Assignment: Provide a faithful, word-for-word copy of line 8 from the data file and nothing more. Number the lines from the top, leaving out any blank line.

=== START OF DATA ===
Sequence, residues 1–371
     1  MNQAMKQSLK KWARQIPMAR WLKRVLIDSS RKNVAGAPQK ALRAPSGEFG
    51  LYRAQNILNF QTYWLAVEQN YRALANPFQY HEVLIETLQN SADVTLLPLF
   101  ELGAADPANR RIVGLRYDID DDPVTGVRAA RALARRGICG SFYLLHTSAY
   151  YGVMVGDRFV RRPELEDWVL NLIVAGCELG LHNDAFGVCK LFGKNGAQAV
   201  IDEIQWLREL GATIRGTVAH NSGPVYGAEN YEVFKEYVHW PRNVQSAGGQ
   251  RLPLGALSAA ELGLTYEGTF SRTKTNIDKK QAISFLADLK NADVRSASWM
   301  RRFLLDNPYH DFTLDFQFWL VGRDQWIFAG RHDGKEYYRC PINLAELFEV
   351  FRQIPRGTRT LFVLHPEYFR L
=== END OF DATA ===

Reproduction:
   301  RRFLLDNPYH DFTLDFQFWL VGRDQWIFAG RHDGKEYYRC PINLAELFEV